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Premiata Forneria Marconi (PFM) - Suonare Suonare CD (album) cover


Premiata Forneria Marconi (PFM)


Rock Progressivo Italiano

2.70 | 147 ratings

From, the ultimate progressive rock music website

4 stars In the 80's the Progressive Rock bands of the surviving 70's recycle themselves as Rock bands with mixed fortunes. Their problem is to remain credible and, above all, to be able to write credible songs. However there have also been bands that have created (although not in Progressive Rock) great albums (not to mention masterpieces). PFM's "Suonare suonare" is one of the first examples that come to mind. The fact is that for PFM they simply tried to translate into POP the Jazz Rock played in the albums "Choccolate Kings", "Jet lag" and "Passpartù" where the talented singer Bernardo lanzetti was present. The result is that, once Lanzetti comes out of the band, PFM manages to create a truly convincing album that contains some of the band's most famous songs. Beginning to "Suonare suonare" (one of the iconic pieces of the band). It is an excellent Rock sung by Franz Di Cioccio who, not having an interesting vocal range, puts everything on the feeling and power (which he does not have). Stylistically, "Suonare suonare" is a mid tempo with an arrangement that makes it very epic and exciting. A great opening track that incorporates atmospheres dear to Eugenio Finardi, also for the text that describes a life situation very well to explain people's behavior. "Volo a vela" is a Rock with Folk parts (the violin) and a very poetic and fairytale text and, at the same time, very reflective and not at all trivial. "Si può fare" is another Rock piece where power comes first. However, it is also very technical and engaging. Furthermore, Franz Di Cioccio proves to be more than an honest singer (despite his enormous limitations). The violin solo by Lucio Fabbri is an excellent closure of a piece that is not at all trivial. "Topolino" (The title is a tribute to the Italian comic book "Topolino" ["Mickey Mouse"] which since 1949 has been collecting the stories of Disney Mice and Ducks) tells the memories of youth and is a good Jazz Rock even if it sounds a bit too cold. However, it should be noted that Lucio Fabbri's violin does a lot of Curved Air, when present. Another iconic piece of the band is "Maestro della voce" (dedicated to Demetrio Stratos, who recently passed away). Bass intro (which in concert becomes a pretext for a really fiery solo). The music is really engaging being a great mid tempo Rock with an extraordinary text that Franz Di Cioccio interprets really well with a really impressive transport (in relation to his skills ... he is not a singer!). "Sogno americano" is a cheerful Rock piece and a bit west cost (in the sense given by the 80's Hard Rock bands). "Bianco e nero" is the piece closest to PFM with Lanzetti even if, then, it develops on the usual excellent bassline of Patrick Djivas and the typical style of Italian Rock of those years that I find a bit cheerful but banal (even if I don't mind ). However, the solos section is excellent and technically it is also emotional (and that of the guitar a bit Bluesy). "Tanti auguri" is a cheerful Folk Rock (at the time it was a genre used in Italy for disengaged and cheerful songs) that could (distantly) sound too derivative from certain English Folk Rock bands. However it is a great final track for a great album.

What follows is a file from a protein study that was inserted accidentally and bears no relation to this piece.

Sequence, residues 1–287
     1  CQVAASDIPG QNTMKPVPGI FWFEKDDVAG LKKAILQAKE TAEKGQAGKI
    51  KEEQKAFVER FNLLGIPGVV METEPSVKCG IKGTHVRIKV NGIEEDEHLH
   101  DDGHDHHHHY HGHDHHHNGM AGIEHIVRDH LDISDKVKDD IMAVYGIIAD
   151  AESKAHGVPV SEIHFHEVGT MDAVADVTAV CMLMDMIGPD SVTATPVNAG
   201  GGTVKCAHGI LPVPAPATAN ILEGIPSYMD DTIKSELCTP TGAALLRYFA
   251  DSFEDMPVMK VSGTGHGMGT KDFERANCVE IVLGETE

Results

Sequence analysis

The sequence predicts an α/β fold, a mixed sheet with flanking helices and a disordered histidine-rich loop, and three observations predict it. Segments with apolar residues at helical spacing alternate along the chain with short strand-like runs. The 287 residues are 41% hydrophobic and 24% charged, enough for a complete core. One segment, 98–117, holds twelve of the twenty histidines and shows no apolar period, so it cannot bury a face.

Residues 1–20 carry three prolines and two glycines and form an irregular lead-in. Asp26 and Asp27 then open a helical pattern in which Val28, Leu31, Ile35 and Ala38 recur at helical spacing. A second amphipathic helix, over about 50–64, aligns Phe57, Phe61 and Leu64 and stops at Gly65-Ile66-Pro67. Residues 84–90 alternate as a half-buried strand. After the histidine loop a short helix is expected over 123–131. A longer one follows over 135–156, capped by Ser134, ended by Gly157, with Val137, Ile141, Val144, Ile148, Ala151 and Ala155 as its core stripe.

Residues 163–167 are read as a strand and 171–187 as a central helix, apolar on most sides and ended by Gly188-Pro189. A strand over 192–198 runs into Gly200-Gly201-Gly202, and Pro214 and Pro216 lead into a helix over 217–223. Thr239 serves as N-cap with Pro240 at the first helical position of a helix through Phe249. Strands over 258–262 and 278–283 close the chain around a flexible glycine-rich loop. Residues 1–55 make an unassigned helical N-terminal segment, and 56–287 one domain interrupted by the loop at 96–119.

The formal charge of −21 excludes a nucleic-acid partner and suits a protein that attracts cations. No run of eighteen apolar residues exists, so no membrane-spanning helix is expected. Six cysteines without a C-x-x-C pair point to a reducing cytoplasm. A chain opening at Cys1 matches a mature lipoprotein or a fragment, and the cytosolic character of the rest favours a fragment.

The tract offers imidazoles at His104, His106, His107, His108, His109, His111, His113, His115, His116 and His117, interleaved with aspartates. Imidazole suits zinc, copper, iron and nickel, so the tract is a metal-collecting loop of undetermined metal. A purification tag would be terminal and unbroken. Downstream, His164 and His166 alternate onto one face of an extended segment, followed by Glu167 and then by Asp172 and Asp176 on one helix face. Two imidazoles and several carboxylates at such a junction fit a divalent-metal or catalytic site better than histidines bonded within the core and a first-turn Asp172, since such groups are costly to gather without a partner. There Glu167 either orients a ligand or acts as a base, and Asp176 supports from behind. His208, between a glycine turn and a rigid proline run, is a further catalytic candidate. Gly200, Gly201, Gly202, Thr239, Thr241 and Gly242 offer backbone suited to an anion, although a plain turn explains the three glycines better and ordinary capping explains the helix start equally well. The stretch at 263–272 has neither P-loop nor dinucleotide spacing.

For 1980 "suonare suonare" it's a great album. It is certainly not Progressive but it contains a lot of Jazz Rock elements and really technical moments. However "Suonare suonare" is a Rock album. And what a Rock album. Because, then, you feel that it is 100% PFM and does not present moments of tiredness or forcing. It contains no fillers and "Suonare suonare" and "Maestro della voce" are two of PFM's most famous pieces. Well ... Woe to believe it is an album made to recycle and continue a stunted career just to make easy money

Prog123 | 4/5 |


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